Over lunch that week, my grandmother – who is a historian and a Survivor – tells me: ‘We are all children of history. Children of our own histories, and therefore children of wider histories.’ I read The Jewish Chronicle for 1945, following children of history attempting to find new histories in order to belong amongst the Anglo-Jewish communities of London, while looking out at the ruins of their wider world. I come across a review of the Autumn Exhibition at Ben Uri gallery, in which the critic remarks, ‘Several of the Landscapes, particularly B. Feigi’s “Derwentwater” and Frida Salvandy’s “Beach at Penzance” suffer from what I can only call “mistranslation”. Their treatment is far too heated – they are just not England.’ Just not England – I see Silk try and find his own England: try to belong while also inhabiting his own vision, both symbolically and literally, a blow to the head having damaged his eyesight so that the world is drenched in blue. I see this through Silk’s eyes – see the Danube soaking London streets, stalking him for the rest of his life.
A different kind of engendering emerges from site-based research. What truth did going to Theresienstadt give me, the former concentration camp outside of Prague, that I couldn’t get from witness testimonials? The fortress town could be beautiful. That is true. The lines of the Austro-Hungarian barracks and villas are symmetrical and vain. But most are ruins now, the empty houses – whose attics at one time housed six thousand people, the ghetto overflowing, if only it were allowed to break its banks – being slowly bought, one by one, and turned into museums. The whole town was the camp, and until you walk its streets it is hard to comprehend what this really means.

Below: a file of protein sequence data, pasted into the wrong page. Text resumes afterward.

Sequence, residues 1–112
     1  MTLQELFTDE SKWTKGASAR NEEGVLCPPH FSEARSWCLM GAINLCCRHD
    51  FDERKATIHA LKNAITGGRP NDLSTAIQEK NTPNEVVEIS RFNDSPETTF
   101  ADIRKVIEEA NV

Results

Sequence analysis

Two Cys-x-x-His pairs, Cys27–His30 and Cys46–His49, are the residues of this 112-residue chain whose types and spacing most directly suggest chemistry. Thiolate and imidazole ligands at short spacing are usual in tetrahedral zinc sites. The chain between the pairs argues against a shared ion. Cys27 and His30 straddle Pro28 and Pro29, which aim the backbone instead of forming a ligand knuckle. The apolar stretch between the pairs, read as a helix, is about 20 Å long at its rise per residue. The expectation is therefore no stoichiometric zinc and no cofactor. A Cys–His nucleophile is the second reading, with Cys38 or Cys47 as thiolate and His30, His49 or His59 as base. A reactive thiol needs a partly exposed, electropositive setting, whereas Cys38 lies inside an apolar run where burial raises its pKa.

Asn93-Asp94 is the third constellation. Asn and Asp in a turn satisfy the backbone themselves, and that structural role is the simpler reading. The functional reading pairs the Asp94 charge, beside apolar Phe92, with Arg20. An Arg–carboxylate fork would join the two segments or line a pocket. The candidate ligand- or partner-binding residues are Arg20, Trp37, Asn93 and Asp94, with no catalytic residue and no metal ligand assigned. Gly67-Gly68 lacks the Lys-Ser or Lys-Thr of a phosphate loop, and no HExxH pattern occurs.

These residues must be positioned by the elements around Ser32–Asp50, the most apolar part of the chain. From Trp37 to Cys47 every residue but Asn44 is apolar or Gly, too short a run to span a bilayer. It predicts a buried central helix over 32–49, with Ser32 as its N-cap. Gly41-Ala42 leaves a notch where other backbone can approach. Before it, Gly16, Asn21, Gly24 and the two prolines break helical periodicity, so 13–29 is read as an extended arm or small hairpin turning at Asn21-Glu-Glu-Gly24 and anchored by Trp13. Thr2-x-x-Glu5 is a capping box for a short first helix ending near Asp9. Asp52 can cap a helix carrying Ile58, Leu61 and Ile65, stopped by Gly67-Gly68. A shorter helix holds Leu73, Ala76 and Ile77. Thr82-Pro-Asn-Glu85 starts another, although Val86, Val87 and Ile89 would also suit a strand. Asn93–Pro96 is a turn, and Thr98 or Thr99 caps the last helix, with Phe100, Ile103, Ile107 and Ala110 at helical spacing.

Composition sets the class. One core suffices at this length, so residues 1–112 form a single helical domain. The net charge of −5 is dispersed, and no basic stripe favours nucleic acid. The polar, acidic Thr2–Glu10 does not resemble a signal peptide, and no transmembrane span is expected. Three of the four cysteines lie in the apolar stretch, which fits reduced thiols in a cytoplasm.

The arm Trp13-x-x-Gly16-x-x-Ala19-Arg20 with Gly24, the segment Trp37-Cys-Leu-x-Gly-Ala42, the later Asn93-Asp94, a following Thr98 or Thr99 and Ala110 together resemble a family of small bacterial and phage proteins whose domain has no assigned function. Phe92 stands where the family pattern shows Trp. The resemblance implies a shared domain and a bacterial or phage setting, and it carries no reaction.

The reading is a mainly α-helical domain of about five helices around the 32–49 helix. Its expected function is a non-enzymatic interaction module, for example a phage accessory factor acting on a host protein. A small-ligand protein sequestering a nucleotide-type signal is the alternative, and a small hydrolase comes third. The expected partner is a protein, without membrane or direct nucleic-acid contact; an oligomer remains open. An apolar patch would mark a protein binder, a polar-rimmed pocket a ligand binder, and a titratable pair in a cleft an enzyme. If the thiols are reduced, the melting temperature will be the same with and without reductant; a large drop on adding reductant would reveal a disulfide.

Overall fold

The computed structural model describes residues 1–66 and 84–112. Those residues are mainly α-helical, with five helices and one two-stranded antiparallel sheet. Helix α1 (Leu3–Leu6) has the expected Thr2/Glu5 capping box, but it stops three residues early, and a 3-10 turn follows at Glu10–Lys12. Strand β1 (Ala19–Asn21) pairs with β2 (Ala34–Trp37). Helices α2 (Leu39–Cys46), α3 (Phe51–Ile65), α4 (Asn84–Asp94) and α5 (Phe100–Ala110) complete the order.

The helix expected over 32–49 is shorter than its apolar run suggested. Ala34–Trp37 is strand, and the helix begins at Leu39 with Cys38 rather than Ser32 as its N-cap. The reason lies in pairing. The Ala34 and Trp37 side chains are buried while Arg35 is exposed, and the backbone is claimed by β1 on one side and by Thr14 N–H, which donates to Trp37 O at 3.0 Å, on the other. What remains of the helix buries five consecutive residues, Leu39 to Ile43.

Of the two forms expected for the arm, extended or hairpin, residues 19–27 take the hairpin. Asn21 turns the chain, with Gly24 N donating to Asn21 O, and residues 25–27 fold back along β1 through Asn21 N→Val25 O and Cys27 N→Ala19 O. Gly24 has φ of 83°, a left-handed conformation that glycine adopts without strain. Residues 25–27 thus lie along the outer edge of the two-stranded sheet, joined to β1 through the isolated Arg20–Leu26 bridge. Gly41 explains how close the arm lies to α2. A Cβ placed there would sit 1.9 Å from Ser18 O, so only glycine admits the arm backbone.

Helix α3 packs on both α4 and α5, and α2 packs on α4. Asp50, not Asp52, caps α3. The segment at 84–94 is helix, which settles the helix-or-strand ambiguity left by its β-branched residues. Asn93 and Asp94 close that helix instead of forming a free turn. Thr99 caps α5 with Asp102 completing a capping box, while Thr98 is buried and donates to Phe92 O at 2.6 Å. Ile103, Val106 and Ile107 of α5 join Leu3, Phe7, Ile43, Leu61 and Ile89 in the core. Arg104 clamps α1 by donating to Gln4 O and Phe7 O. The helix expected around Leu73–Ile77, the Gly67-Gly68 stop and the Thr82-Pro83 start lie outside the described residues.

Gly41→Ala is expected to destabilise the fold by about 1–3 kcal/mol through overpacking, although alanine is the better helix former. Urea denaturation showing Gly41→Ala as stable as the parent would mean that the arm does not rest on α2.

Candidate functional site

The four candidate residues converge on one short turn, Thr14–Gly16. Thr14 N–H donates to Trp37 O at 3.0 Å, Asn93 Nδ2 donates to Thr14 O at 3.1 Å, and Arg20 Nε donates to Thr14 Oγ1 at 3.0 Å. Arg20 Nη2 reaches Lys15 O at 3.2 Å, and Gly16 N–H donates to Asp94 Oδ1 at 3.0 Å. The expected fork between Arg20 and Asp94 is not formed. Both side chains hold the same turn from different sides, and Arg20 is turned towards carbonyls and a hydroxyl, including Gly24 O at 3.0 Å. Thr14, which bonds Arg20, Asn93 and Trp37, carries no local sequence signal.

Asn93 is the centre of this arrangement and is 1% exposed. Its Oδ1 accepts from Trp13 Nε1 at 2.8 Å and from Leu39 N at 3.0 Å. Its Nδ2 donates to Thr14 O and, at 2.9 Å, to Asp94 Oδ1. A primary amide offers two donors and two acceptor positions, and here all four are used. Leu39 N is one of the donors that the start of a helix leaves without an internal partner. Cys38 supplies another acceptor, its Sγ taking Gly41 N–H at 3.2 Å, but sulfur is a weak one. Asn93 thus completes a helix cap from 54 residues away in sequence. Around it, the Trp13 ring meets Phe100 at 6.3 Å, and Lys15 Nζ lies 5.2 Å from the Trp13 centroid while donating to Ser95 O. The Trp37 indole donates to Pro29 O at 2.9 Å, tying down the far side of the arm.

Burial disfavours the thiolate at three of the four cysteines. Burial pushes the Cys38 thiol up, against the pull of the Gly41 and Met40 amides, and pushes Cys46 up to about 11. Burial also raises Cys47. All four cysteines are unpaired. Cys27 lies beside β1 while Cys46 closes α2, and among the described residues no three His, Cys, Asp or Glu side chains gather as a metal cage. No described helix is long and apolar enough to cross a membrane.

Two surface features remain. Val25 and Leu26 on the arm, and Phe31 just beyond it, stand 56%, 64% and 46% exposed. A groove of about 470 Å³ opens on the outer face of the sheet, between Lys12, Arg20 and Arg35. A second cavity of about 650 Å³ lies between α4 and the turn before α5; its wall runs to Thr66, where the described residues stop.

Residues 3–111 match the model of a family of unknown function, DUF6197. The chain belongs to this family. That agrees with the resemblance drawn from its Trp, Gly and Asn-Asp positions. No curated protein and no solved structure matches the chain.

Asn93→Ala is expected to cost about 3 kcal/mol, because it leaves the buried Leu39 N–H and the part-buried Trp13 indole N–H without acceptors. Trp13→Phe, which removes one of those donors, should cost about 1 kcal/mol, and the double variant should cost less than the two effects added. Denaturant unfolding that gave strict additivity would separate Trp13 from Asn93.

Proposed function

Climbing the earthen walls of the fortification, I realise I have never stood anywhere like this. Monumental – abandoned. For a moment, all birdsong drops away. The walls around me are silent. There was no birdsong in Theresienstadt, no chirrup of insects. Life kept away from the smell of death, and the starving people inside ate what did approach. But there were the voices of one hundred and twenty thousand people squeezed into a town that now houses two thousand. I know, standing there, that the silence of liberation would have struck my character Zuzka most of all, as, slowly, people were moved on by the Soviets and the Red Cross. The square, empty of propaganda football games, empty of subterfuge music and art, empty of the Danes with their black-market packages, empty of the people who had been being emptied for so long, would have haunted.
This moment, and others like it, would find their way into Testament, not simply the descriptions, the colour of brick or the texture of cobbles, but the emotionally experiential. That is the truth of site-based research – not that I can experience, in my body, what the victims of Theresienstadt did, but that I can, standing in what has become a site, know my characters’ bodies. I can walk with them. I can find the truth of my fiction, beyond the facts that make it up – not surpassing them, but supplementing, an attempt at empathy, which is, after all, so much of what fiction has to offer: what it can engender.
In these processes, I am reminded that while the historical evidence of the Holocaust is as immovable and incontrovertible as granite, human experience is unfixed, and in the process of empathic imagination and construction, I find my characters.
Kim’s stunning debut novel TESTAMENT is out now: https://amzn.to/2N7Mo2M